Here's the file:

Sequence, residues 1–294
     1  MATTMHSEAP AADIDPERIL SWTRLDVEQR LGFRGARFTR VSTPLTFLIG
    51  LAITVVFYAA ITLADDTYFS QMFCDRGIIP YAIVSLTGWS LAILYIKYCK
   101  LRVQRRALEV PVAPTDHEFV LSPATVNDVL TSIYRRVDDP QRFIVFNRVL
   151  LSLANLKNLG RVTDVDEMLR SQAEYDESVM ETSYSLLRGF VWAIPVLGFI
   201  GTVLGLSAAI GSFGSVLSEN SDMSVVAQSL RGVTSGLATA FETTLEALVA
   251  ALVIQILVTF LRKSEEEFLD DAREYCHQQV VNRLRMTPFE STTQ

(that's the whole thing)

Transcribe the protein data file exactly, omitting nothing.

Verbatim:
Sequence, residues 1–294
     1  MATTMHSEAP AADIDPERIL SWTRLDVEQR LGFRGARFTR VSTPLTFLIG
    51  LAITVVFYAA ITLADDTYFS QMFCDRGIIP YAIVSLTGWS LAILYIKYCK
   101  LRVQRRALEV PVAPTDHEFV LSPATVNDVL TSIYRRVDDP QRFIVFNRVL
   151  LSLANLKNLG RVTDVDEMLR SQAEYDESVM ETSYSLLRGF VWAIPVLGFI
   201  GTVLGLSAAI GSFGSVLSEN SDMSVVAQSL RGVTSGLATA FETTLEALVA
   251  ALVIQILVTF LRKSEEEFLD DAREYCHQQV VNRLRMTPFE STTQ